Between 169,000 and 226,000 years ago, two children in what is now Kesang, Tibet, left hands and footprints on a travertine stone. New research, published in the journal Science Bulletin, suggests that the seemingly deliberately placed now fossilized prints may be the world’s oldest known parietal or cave art.
According to the statement, the experts used the dated uranium series to locate the engravings in the Middle Pleistocene. Ten prints – five handprints and five footprints – are three to four times older than comparable cave paintings in Indonesia, France, and Spain.
“The question arises: what does this mean? How do we interpret these prints? They are clearly not randomly placed, ”said study co-author Thomas Urban, a scientist at the Tree Ring Laboratory at Cornell University.
The handprint art discovery offers the earliest evidence of a hominin presence on the Tibetan plateau, write co-authors Matthew R. Bennett and Sally K. Reynolds for a talk. In addition, the couple notes that the results support previous research showing that children were early adopters.
According to Isaac Schultz of Gizmodo, archaeologists discovered a hand and footprints, believed to belong to a 12-year-old and a 7-year-old child, near the Kesang hot spring in 2018.
Although parietal art usually appears on cave walls, cave art examples have also been found on cave ground.
“It is well known how footprints remain during normal activities such as walking, running, jumping, including things like slipping,” says Urban to Gizmodo. “These prints, however, are more meticulous and have a specific arrangement – think more about how a child presses a handprint into fresh cement.”
Given the art hands size and estimated age, the impressions are likely left by members of the genus Homo. Perhaps they were Neanderthals or Denisovans, not Homo sapiens. As scientists note for Conversation, hand shapes are often found in prehistoric cave art.
Early artists usually created handprint art with stencils and pigments, which they placed around the outer edges of their hands. Whether the recently analyzed prints can actually be classified as art, according to the study, is part of a larger “serious debate” about what constitutes art.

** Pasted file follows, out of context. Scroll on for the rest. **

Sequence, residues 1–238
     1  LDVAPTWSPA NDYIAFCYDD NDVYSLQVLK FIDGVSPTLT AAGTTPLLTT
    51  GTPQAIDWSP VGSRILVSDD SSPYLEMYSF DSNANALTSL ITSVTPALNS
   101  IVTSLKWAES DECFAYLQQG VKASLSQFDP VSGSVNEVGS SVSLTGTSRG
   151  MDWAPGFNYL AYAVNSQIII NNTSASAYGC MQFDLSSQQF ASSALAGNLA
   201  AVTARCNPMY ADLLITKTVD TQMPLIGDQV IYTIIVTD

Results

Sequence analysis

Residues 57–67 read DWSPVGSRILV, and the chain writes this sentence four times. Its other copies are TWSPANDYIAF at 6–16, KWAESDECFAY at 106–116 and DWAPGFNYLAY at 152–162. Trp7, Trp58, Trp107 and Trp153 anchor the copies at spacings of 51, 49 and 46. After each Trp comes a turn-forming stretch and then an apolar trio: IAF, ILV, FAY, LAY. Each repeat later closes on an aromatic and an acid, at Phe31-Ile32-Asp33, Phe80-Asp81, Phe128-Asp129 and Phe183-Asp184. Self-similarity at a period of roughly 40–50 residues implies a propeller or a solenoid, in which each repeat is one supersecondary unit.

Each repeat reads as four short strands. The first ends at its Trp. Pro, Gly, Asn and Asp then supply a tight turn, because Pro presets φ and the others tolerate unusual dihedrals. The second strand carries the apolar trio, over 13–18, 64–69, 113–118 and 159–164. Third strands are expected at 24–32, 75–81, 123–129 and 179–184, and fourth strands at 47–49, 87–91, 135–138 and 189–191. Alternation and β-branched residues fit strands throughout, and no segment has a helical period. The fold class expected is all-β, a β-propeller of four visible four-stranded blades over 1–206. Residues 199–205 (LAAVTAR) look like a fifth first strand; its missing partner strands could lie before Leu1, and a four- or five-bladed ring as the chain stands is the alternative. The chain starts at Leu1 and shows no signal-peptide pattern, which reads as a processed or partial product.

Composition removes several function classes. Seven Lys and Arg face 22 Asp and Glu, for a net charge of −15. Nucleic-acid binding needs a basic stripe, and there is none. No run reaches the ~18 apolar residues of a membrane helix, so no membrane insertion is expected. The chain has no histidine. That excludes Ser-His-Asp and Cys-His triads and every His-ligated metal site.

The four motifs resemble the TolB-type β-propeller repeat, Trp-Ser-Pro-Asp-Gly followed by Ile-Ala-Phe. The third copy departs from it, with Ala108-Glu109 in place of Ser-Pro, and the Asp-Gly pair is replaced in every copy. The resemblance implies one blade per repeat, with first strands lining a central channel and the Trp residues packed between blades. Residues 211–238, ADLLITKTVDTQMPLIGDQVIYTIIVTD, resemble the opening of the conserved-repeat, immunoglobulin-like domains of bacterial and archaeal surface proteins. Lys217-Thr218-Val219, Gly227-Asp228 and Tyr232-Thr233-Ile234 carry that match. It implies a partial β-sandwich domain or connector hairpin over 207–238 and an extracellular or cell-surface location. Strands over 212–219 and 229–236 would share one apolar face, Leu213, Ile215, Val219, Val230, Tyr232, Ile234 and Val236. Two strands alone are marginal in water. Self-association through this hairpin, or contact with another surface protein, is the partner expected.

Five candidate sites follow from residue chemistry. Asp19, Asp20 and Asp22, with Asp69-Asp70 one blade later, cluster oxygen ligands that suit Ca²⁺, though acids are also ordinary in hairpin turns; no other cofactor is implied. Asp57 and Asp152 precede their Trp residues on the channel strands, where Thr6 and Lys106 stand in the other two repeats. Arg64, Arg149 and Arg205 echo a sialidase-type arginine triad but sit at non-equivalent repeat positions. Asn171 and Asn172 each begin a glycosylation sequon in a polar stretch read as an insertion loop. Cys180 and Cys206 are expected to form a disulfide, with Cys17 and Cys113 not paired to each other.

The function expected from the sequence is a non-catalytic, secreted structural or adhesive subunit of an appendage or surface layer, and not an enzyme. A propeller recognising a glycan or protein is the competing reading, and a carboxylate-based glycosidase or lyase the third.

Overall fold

Bennett, a geologist at the University of Bournemouth specializing in ancient footprints and paths, tells Gizmodo that the placement of the prints appears to be deliberate: “It’s an intentional arrangement, the fact that no footprints were left by normal movement, and care taken that way. No footprint covers the next, and all of this is indicative of deliberate caution. “
But there are some skeptical experts.
“I find it hard to think there is ‘intentionality’ in this design,” says Tom Metcalfe to NBC News, a paleontologist at the University of Huelva in Spain and a paleontologist at the University of Huelva in Spain. “And I don’t think there are scientific criteria to prove it – it’s a matter of faith and the desire to see things one way or another.”
Urban, for his part, argues that the handprint study highlights the need for a broader definition of art. “We can conclusively prove that this is not utilitarian behavior,” the statement said. “There is something playful, creative, perhaps symbolic about it. This provides an answer to a very fundamental question of what it really means to be human. “
Thus, it can be concluded that a group of fossilized hands and footprints found in Tibet, approximately 200,000 years old, may be the earliest examples of human cave art. And they were made by children.
Every parent knows that children love to dip in the dirt with their hands and feet. It appears to have happened a long time ago in a place where there used to be a hot spring at Kesang, high on the Tibetan plateau, at 4,269 meters (14,000 feet) above sea level.
A report in Science Bulletin suggests that these impressions were made on purpose, not just by wandering around the area. The foot and handprints fit exactly into space and are close together like a mosaic. Their size indicates that they were made by two children, one as large as a 7-year-old and the other as small as 12.
At the time, travertine, a limestone formed by hot mineral springs, formed a pasty mud that was ideal for handprints. Later, when the hot spring dried up, the mud hardened into stone, eventually retaining imprints.
One can interpret whether prints can be considered art or just children playing in the mud, although the authors of the article told Live Science that it could be art in the same way that parents hang children’s scribbles on their refrigerators and call it to cave art. The authors describe the environment the prints are in as deliberately altered, which they thought could be some kind of performance that could be shown, for example: “Hey look at me, I made palm prints on these prints.”